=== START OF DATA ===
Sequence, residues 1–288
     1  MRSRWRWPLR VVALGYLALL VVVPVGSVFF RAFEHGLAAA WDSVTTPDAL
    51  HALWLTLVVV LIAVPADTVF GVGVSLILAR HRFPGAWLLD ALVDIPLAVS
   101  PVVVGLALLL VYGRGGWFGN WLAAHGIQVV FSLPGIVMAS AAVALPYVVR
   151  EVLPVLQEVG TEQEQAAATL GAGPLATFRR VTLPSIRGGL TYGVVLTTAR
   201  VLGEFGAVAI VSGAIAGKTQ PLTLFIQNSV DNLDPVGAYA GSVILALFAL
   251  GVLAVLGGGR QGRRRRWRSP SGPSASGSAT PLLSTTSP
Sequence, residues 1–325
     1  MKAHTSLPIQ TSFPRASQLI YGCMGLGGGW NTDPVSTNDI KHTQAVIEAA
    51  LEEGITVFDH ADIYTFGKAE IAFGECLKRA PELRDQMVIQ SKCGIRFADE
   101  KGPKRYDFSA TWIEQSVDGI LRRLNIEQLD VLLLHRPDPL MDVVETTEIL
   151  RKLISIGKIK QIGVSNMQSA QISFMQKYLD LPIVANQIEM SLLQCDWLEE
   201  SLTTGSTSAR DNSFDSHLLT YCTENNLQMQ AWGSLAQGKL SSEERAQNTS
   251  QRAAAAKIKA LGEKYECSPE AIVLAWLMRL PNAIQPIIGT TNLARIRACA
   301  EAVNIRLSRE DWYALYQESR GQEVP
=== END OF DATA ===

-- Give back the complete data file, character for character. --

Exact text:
Sequence, residues 1–288
     1  MRSRWRWPLR VVALGYLALL VVVPVGSVFF RAFEHGLAAA WDSVTTPDAL
    51  HALWLTLVVV LIAVPADTVF GVGVSLILAR HRFPGAWLLD ALVDIPLAVS
   101  PVVVGLALLL VYGRGGWFGN WLAAHGIQVV FSLPGIVMAS AAVALPYVVR
   151  EVLPVLQEVG TEQEQAAATL GAGPLATFRR VTLPSIRGGL TYGVVLTTAR
   201  VLGEFGAVAI VSGAIAGKTQ PLTLFIQNSV DNLDPVGAYA GSVILALFAL
   251  GVLAVLGGGR QGRRRRWRSP SGPSASGSAT PLLSTTSP
Sequence, residues 1–325
     1  MKAHTSLPIQ TSFPRASQLI YGCMGLGGGW NTDPVSTNDI KHTQAVIEAA
    51  LEEGITVFDH ADIYTFGKAE IAFGECLKRA PELRDQMVIQ SKCGIRFADE
   101  KGPKRYDFSA TWIEQSVDGI LRRLNIEQLD VLLLHRPDPL MDVVETTEIL
   151  RKLISIGKIK QIGVSNMQSA QISFMQKYLD LPIVANQIEM SLLQCDWLEE
   201  SLTTGSTSAR DNSFDSHLLT YCTENNLQMQ AWGSLAQGKL SSEERAQNTS
   251  QRAAAAKIKA LGEKYECSPE AIVLAWLMRL PNAIQPIIGT TNLARIRACA
   301  EAVNIRLSRE DWYALYQESR GQEVP